Christmas may always have a sting... I don’t know. My friend whose little girl was murdered two years ago in December says Christmas will never be the same. This is only my second Christmas without Matthew. What I do know is I miss my son. He loved Christmas. And I love him. 


So, on behalf of grieving parents everywhere, if you aren’t willing to modify your way of sending cards for a while, please do us a favor and take us off your list.

Posted by Kay Warren with

Follow up: Don't Tell Me to Move On

Follow up to Don't Tell Me To Move On: 

I’ve wanted so badly to respond to the millions of you (3.2 million have seen it and more than 10,000 have written back) who have shared it, forwarded it, re-posted it, printed it, and handed it out to others, and written exquisitely kind and tender words of empathy to me and my family. However, I’ve simply been astonished by the volume of response and have been hesitant to interrupt the beauty of what was happening by posting something else. I don’t know how to interpret the volume of response other than to say it confirms what I suspected: Grief is a long, arduous, slow process and it deserves to be respected and supported, not minimized and condemned. Your responses both comfort me tremendously – clearly, I’m not alone – and break my heart; so many of you have said, “This is my story too; you’ve put into words what I feel.”


You’ve told me about your sons and daughters, mothers and fathers, brothers and sisters, best friends, grandparents, cousins, neighbors, and co-workers and how their deaths created such a well of pain and grief in your hearts; how the grief remains fresh and raw, and how much you wish “comforters” had been more sensitive to your grief. I can’t even begin to tell you what a privilege it is to “hold” your grief... I feel as though I’ve been given a sacred trust and I’m honored. I ache for your losses and send you my deepest compassion and prayers for God’s gentle touch to soothe, mend, and heal your hearts.


The thousands of responses have impacted me. I’m walking through life differently. Instead of plowing through the grocery store as fast as I can, I now walk the aisles praying for those who pass by me intent on their shopping. I can’t help but wonder what invisible sorrow accompanies them; who are they grieving for? Who are they desperately missing? I get fanciful and wonder what if we all wore armbands that way people do occasionally on sports teams – but what if these armbands were colored to match a grief. Blue for a baby or child who died. Yellow for a spouse. Green for a loved one lost through suicide. Red for a sibling. Purple for a best friend. I wonder if we wouldn’t all be wearing an armband of one color or the other... it would make it so much easier! We wouldn’t have to wonder whether or not someone was mourning – it would be right there on their arm for all to see – and I wonder if it wouldn’t make us all much more patient and considerate of each other because we wouldn’t be able to ignore the pain so plainly visible. Of course that isn’t ever going to happen, but its food for thought.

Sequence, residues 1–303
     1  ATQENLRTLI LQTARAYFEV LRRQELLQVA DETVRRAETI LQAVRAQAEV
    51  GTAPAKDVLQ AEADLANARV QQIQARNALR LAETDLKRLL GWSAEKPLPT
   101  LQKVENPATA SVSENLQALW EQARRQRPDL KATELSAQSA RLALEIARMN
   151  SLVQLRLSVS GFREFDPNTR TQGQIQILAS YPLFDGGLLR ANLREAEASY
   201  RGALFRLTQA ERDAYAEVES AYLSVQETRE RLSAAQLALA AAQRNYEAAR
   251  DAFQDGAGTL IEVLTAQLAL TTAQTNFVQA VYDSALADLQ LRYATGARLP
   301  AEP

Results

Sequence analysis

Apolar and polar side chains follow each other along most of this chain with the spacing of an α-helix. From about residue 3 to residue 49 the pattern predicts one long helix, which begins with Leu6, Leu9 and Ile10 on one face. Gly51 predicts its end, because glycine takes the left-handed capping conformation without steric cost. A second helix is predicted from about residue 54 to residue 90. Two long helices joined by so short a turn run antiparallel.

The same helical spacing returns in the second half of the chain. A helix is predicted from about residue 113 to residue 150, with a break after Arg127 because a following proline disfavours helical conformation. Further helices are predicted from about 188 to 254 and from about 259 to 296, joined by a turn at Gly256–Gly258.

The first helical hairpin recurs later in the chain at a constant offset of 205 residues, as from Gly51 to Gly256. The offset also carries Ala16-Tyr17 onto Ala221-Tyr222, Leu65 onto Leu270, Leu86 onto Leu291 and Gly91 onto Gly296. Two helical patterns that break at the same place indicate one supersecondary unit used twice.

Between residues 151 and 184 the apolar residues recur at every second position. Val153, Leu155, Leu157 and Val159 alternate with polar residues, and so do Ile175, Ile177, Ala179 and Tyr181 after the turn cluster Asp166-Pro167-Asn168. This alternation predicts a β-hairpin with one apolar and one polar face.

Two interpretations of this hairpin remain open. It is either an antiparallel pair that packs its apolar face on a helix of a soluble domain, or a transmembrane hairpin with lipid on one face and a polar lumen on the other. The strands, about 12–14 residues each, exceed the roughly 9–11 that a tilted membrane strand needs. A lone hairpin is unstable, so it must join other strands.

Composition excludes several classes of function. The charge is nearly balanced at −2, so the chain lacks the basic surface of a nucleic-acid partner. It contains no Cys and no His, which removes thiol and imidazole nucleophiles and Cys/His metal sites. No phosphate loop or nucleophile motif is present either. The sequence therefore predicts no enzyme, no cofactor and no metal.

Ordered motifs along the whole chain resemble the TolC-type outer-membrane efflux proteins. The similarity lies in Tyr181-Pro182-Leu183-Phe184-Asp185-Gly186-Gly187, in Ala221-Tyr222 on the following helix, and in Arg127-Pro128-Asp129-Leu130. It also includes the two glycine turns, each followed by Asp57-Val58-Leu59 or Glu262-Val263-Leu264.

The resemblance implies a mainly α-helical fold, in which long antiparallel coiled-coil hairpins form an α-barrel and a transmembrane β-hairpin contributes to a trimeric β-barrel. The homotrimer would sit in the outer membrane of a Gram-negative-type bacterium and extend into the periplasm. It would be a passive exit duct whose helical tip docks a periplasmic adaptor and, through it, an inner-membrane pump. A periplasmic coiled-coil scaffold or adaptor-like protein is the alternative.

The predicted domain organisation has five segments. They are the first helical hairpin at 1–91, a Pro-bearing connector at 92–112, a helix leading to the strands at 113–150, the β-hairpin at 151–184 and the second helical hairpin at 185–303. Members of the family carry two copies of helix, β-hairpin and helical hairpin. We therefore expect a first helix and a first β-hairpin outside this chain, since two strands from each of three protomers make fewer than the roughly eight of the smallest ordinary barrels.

Another thought I’ve been contemplating the past two weeks is the way so many of you expressed the ways that your loss has negatively affected your life... how nothing has been the same... how you’re not at all the same person you used to be... how challenging it is to continue in daily life. Since I feel the same way at the one-year mark (April 5), I can’t help but get a little anxious about the future. I’ve started searching the Bible for verses that can encourage me to believe that my life isn’t ruined by our tragedy. I don’t have all the answers, but I’m spending a lot of time meditating on the book of Ezekiel. The Israelites were taken captive in Babylonia – the land was laid waste, their cities were decimated and plundered, the inhabitants enslaved. But in Ezekiel 36, God promises to make the land rich and productive again, to free the people, and to rebuild all that was demolished and ruined.


Yes, God, please. Please rebuild the “ruins” in our lives. Even though we often feel helpless in the ruins, YOU are not helpless among our ruins. Please bring freedom, productivity, and restoration once again. Show us how to LIVE even though some of those dearest to us are no longer here. We want to flourish again. Please.

Posted by Kay Warren with